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BYU creates drones that don’t rely on GPS

PROVO — Drones have become an ally to industries like agriculture and law enforcement for surveillance and information gathering. But what happens when drones fly into an area with little-to-no GPS signal? BYU’s engineering department is attempting to solve that problem.

Drones, or unmanned aerial vehicles (UAVs), have many uses. UAVs with cameras can be used for landscape photography and videography. They are used in farming to measure weather conditions and topography. The military uses drones for surveillance.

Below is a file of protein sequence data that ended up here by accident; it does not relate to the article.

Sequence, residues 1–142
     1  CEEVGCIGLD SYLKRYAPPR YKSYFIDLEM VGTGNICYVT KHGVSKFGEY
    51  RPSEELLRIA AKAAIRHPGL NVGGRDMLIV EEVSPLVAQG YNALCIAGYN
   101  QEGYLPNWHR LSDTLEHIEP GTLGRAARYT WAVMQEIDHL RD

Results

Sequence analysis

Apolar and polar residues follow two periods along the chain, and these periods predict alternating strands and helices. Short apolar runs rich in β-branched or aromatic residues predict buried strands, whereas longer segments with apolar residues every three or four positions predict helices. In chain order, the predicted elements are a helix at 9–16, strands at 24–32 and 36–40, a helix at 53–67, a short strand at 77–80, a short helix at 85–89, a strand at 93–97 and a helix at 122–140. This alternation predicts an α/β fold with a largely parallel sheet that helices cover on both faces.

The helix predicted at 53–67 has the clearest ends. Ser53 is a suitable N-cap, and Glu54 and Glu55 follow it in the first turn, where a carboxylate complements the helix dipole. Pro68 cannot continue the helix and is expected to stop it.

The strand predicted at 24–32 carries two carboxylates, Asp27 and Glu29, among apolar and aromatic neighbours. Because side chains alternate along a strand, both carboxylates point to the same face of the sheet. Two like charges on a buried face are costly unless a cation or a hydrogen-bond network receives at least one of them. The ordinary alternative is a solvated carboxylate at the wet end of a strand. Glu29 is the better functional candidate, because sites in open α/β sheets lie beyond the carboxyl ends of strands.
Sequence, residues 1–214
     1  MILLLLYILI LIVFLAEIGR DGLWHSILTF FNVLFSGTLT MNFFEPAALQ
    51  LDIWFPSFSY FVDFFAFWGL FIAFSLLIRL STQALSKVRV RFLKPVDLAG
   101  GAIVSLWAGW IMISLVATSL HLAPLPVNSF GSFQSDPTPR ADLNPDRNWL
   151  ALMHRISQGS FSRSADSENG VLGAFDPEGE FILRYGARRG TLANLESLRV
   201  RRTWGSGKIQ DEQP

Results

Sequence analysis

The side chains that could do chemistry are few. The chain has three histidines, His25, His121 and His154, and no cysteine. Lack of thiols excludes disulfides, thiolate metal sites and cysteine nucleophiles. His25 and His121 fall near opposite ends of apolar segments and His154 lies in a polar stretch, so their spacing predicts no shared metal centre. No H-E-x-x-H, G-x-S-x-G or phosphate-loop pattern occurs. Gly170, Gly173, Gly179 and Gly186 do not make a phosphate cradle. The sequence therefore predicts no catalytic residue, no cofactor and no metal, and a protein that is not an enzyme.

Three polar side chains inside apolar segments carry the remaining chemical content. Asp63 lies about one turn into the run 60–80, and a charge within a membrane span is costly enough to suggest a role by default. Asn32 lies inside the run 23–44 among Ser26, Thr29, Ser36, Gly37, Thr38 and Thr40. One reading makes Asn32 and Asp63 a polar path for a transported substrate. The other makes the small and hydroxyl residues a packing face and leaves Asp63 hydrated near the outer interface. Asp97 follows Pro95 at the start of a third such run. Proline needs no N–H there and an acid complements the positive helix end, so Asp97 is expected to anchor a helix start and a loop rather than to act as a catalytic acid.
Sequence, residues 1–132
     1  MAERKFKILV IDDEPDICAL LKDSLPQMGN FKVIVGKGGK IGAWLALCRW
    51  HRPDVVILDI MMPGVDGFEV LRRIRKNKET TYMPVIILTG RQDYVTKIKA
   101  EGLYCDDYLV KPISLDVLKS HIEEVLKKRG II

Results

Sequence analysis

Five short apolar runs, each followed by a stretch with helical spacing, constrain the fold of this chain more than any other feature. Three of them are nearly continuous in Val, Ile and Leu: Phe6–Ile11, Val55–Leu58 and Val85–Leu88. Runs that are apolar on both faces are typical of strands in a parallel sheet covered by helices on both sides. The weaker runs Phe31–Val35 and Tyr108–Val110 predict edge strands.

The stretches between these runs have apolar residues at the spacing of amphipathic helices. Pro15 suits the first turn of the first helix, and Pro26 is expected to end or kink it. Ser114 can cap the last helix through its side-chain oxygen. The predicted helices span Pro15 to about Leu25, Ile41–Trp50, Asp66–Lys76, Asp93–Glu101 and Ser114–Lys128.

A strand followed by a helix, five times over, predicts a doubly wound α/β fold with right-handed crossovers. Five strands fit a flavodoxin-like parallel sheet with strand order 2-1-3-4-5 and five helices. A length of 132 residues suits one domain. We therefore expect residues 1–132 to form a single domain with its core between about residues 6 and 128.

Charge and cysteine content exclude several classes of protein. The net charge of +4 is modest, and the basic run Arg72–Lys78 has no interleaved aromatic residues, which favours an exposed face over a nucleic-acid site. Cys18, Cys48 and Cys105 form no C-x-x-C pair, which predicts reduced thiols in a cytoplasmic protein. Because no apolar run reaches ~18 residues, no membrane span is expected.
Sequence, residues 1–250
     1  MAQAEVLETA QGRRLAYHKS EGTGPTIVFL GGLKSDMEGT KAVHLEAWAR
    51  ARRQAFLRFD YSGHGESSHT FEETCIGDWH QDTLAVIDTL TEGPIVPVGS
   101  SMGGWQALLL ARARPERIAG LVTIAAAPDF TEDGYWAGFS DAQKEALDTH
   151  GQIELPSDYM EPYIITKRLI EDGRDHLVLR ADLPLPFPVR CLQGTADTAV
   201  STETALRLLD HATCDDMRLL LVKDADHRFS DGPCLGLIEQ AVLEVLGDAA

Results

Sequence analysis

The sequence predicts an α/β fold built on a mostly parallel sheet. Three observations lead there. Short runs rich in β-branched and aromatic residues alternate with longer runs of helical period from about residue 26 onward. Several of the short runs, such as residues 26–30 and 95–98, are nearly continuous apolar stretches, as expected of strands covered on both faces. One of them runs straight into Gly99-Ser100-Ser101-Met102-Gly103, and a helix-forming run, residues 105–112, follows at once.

Drones are controlled mostly by GPS, but when most drones fly into areas with poor GPS signals, they have a high chance of crashing. Most drones will just stop flying and immediately land without a signal, according to Skycatch, a drone imaging processing platform.

In order to make drones more accessible and useful, BYU engineering department personnel are testing UAVs that can operate without a GPS signal.

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